Full version of a story which first appeared in The Herald on 19 November 2008

SCOTTISH sea anglers have tagged more than 20 of a critically endangered species of shark during a unique two-day marathon aimed at putting pressure on the Government to create special marine reserves to help protect dwindling stocks in UK waters.

About 100 volunteers gathered in lochs Sunart in West Lochaber and Etive in Argyllshire last weekend to undertake the tagging of spurdog, a breed of small shark commonly called “rock salmon” in food shops, and noted for its slow growth and longevity.

Ayr’s harbourmaster, Stuart Creswell with a tagged 16lb Loch Sunart spurdog

Ayr’s harbourmaster, Stuart Creswell with a tagged 16lb Loch Sunart spurdog

Among those captured, tagged and returned was specimen of over 21 lbs – laying claim to a new Scottish boat record.

Steve Bastiman, chairman of the Scottish Sea Anglers Conservation Network, a vocal charity pressure group, said yesterday:

“By any standards, the event was an outstanding success and is a testament to the commitment and dedication of sea anglers in Scotland. We estimate the volunteers spent £20,000 of their own money to deliver the first hard evidence to the Government in Edinburgh that these lochs hold a resident breeding population of spurdog which must be protected.”

Although carefully weighed, witnessed, tagged and documented, the 21lb specimen catch will remain unofficial because the rules governing sea angling records effectively mean the fish has to be killed. The SSACN estimates that the shark was 40-60 years old.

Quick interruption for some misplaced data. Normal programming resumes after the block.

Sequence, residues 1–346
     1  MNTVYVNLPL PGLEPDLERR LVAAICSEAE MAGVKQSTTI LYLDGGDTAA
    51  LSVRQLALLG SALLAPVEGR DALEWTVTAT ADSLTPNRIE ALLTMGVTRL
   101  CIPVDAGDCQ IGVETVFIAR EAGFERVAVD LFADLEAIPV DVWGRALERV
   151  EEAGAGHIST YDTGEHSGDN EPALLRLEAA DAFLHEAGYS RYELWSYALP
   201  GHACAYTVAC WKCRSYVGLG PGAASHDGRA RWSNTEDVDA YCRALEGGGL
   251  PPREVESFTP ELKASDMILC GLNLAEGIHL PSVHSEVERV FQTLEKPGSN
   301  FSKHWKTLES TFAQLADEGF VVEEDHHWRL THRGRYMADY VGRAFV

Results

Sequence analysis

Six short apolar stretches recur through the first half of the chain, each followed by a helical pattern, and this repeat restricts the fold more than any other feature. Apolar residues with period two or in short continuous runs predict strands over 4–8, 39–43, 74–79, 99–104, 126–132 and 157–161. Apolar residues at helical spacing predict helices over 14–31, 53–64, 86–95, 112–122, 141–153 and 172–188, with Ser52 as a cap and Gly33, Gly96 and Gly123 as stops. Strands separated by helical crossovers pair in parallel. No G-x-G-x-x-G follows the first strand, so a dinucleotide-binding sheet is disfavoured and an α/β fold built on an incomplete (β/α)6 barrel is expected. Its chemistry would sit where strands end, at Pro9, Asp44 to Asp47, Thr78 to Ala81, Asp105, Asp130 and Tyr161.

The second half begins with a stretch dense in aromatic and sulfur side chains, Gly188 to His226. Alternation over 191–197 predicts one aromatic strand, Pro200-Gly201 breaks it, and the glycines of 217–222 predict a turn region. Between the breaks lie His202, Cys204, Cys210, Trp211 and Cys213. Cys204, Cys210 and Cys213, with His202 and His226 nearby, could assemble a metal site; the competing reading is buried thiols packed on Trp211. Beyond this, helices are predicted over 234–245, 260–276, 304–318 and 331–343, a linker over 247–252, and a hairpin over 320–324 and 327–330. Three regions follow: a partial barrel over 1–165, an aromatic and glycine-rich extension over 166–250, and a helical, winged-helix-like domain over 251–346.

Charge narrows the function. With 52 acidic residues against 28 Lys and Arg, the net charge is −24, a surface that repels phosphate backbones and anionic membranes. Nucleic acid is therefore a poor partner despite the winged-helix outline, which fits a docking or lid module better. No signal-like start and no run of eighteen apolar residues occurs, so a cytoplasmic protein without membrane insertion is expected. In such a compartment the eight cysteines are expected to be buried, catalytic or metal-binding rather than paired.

In less than 12 years the biomass of the sharks, which once congregated in shoals up to five miles square, has shrunk to a mere 5% in the north-east Atlantic, due, conservationists say to intense overfishing by France, Ireland Norway, and the UK.

The anglers are pressing Scottish fisheries minister, Richard Lochhead, for the creation of EU-designated Marine Protected Areas for the species in the two west coast sea lochs together with the Firth of Lorne and Sound of Mull to allow the species to regenerate.

An estimated 50 spurdog were caught and released during the weekend although final figures have still to be collated. The minimum tagging size was 7lbs. All data will be analysed by the UK Shark Tagging Programme. The conservationists now plan to raise £25,000 to launch a satellite tagging study to monitor movements of the spurdog, The “tagathon” may be repeated next year.

Advertisements